By Michael E. Miller
By Ryan Yousefi
By Kyle Munzenrieder
By Sabrina Rodriguez
By Michael E. Miller
By Carlos Suarez De Jesus
By Luther Campbell
By Kyle Munzenrieder
Although the investigation continues, the impact of what the FBI calls Operation Greenpalm has already been devastating. Surana reportedly agreed to plead guilty to corruption charges. Dawkins pleaded guilty and was removed from office. Odio retired to concentrate on his legal defense.
The scandal was the best thing to happen to the City of Miami in a long time.
Foremost among the benefits was Odio's quickly being replaced by a man with superb managerial experience, unquestioned ethics, and a master's degree in governmental administration from the Wharton School. In Merrett Stierheim's brief tenure as interim manager, he has peeled back layers of deception to reveal a city government that has been grossly mismanaged. If he hadn't stepped into the breach, he so much as says, Miami might have gone bankrupt within the year.
Stierheim, who is 63 years old, first worked for Miami in 1959 as an assistant city manager. Since then the city has transformed itself from a sleepy retirement town to an international business and trade capital. Stierheim's career has paralleled the city's upward trajectory. He rose to county manager in 1976, and served there for ten years. Today he is president and CEO of the Greater Miami Convention and Visitors Bureau. He agreed to return to city government on a strictly temporary basis, with the objective of keeping a steady hand on the tiller until commissioners could hire a permanent manager. After accepting a two-week contract extension, his final day at city hall will be Friday, November 15.
A mere steady hand was not what Miami needed, as Stierheim soon discovered. The city's 1996-1997 budget -- already passed on one reading and scheduled for final approval -- was not neatly balanced as Surana and Odio had reported. In fact it was at least $68 million in the red. Among many troubling revelations, Stierheim found that taxpayer money had been routinely spirited from one account to another to pay off current bills or to retire old debts.
His efforts to solve the crisis have generated controversy. He persuaded the commission to declare a fiscal emergency, which gave him the power to reopen the city's contracts with its four labor unions. In doing so, he aggravated union leaders, who had made significant concessions to Odio just a year earlier. When he blamed the crisis in part on bad management, some talk-show hosts on Spanish-language radio shot back that Stierheim was attacking not just Odio's management but the entire Cuban community. (Odio is a Cuban immigrant.)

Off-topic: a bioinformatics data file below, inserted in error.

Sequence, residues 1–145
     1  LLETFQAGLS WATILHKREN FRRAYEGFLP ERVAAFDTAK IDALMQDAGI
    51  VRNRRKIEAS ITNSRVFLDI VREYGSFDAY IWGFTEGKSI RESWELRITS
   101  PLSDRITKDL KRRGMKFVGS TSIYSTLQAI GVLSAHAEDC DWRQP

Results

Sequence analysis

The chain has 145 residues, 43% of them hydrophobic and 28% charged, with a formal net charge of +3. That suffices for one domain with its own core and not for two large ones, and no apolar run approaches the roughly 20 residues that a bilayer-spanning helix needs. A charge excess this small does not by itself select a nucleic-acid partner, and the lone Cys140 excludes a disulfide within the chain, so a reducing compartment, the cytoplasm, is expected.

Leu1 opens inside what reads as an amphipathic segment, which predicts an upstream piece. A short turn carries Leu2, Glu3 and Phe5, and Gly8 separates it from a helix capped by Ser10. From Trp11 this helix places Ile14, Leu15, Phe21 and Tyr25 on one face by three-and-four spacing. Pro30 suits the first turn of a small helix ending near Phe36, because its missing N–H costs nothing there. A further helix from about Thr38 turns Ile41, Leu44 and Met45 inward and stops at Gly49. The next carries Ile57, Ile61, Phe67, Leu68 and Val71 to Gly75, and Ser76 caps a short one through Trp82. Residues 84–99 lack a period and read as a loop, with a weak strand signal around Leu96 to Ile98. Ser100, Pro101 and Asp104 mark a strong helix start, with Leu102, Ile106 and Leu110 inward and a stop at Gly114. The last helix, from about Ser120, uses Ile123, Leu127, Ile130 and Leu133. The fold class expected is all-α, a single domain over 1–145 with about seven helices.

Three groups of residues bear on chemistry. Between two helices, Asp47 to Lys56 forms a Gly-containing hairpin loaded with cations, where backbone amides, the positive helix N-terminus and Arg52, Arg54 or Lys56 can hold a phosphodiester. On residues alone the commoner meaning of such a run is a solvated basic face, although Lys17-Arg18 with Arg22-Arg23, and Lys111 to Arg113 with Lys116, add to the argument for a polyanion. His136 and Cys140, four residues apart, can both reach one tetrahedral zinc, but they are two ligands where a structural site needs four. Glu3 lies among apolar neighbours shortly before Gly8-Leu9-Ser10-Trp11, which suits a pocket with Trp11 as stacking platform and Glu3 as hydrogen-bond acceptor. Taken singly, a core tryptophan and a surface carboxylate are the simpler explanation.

Stierheim recently discussed that criticism and more in a wide-ranging interview. "I don't have time to do this, I really don't," he muttered while sitting down in one of two armchairs located in front of Cesar Odio's old desk. "But I promised, so let's get this done." Within minutes his impatience gave way to thoughtful engagement. Except for a brief interruption by Mayor Joe Carollo, who stopped in to confirm a later appointment, Stierheim spoke for a full hour.
Did you discover any other indications of the city squeezing vendors for bribes?
No. There were a couple of areas that didn't come to fruition that, if they had, would have been open to questions. I would have immediately turned them over to the appropriate authorities. I think there were very legitimate questions the mayor was raising when he asked for more of those expenditures from the $4500 discretionary fund. It was the first time I got into it, and I think there are some pretty serious questions. Those questions are still lingering.
In several instances, most notably the abuse of his discretionary fund, former city manager Cesar Odio claimed he was only following the orders of the commission. Indeed he had a reputation for indulging the commissioners, who were, after all, his bosses. The result of this -- the fiscal crisis -- raises the question of whether a manager form of government is practical in such a political city.
The city certainly can be managed by a mayor-commission-manager form of government. It is more challenging in Miami, obviously, because of the diversity and different constituency demands and so forth and so on. But the right professional manager, dealing with the elected officials that we have now, I think could function very well.
As chairman of the county's charter committee in the late Eighties, you supported the concept of a strong mayor. How does the county differ from the city?
I am not here telling you what form of government Miami should have. That's not my function. You asked me whether the manager plan could work here. My answer is without question: Yes. I don't want to be put in the position of recommending the form of government for Miami. I think the manager plan could work very well. Does that mean the strong-mayor form could not work? I didn't say that.
Do you have a preference?